It would really only take a few words to sum up the Flint Water Crisis: an atrocity that could have and should have been avoided in this country. Unfortunately, that same description applies to countless incidents in the United States, both historical and current, so a bit more elaboration is necessary.
Christened “one of the biggest public health crises of recent times,” the Flint crisis has just recently garnered widespread attention in the media, even though it began in April 2014. By the time it came to the attention of the White House and the American public, there were already 6,000 to 12,000 children affected and possibly susceptible to long-term neurological damage due to severe lead poisoning and contamination of tap water in the city of Flint, Michigan. There were also ten fatalities due to Legionnaire’s disease and 87 total cases reported in the county in which Flint is located — which are incredibly elevated numbers compared to years past and are likely linked to the contamination of Flint’s tap water.
Why did something like this happen, and why wasn’t it stopped sooner? There must’ve been a really convincing reason, right? No. There wasn’t, and that’s why this crisis is so horrifying. In 2013, in an attempt to save money, Flint’s city officials switched their source of drinking water. Instead of continuing to purchase it from Detroit, they went to a new authority who would purportedly get their water from the same source, Lake Huron. One problem: The new water source, which officials claimed would save millions of dollars a year, would not be available until 2016.
In the meantime, the city began to use water from the Flint River. According to Michael Torrice in his article “How Lead Ended Up in Flint’s Tap Water,” the problem wasn’t necessarily the quality of the river itself; the switch “changed the chemistry of the water flowing through those pipes…. [The city] didn’t adequately control the water’s ability to corrode those pipes… [resulting in] high lead levels, rust-colored tap water, and possibly the growth of pathogenic microbes.” In a study by Virginia Tech researchers last summer, some water samples contained 900 times the safe amount of lead as determined by the EPA.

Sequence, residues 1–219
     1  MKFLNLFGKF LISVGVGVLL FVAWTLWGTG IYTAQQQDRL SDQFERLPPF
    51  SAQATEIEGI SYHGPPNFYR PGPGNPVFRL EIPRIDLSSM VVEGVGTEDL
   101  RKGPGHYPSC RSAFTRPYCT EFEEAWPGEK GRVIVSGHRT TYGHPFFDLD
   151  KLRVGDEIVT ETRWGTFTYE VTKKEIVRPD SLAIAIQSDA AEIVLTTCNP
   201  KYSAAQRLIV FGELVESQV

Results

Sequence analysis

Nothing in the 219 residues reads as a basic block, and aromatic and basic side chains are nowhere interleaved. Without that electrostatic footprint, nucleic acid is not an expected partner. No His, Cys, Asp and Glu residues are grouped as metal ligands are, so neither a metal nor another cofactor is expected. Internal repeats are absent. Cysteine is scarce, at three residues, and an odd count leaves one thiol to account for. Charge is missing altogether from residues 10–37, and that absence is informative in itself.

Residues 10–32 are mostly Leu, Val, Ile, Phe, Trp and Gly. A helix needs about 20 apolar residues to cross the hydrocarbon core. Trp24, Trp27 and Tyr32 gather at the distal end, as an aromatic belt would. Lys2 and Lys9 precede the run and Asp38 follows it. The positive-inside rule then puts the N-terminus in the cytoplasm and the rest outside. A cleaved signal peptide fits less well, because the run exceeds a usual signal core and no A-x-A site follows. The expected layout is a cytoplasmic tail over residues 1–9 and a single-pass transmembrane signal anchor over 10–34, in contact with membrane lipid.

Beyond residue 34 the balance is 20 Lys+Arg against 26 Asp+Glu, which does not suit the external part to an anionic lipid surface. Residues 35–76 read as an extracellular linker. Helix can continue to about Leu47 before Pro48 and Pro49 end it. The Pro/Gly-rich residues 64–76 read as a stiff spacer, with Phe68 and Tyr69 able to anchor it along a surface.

Flint’s residents began to question whether the discolored water that officials claimed was nothing to worry about was really safe, yet despite the mounting health problems people began to face and the terrible conditions of the pipes, nothing was done about it. Thousands of children may grow up facing severe health problems because of the city and state governments’ failure to protect their citizens. Ten people are dead, likely because of complications relating to this issue.
Of course, now, there’s media attention focused on this problem, and people finally have an understanding of the severity of what happened in Flint; it was even the cover story of TIME just the other week. City, county, or state officials may face manslaughter charges.
It’s great that the crisis in Flint and the people involved are finally getting the attention they deserve. Yet this issue, like so many others, is something that could have been prevented if people (anyone, really: the EPA, Governor Snyder, city and county officials who tried to cover up the issue) had just done something about it. If our society doesn’t have some serious changes pretty soon, Flint won’t be the only city where innocent people are disadvantaged by the very people who are paid to look after their well-being.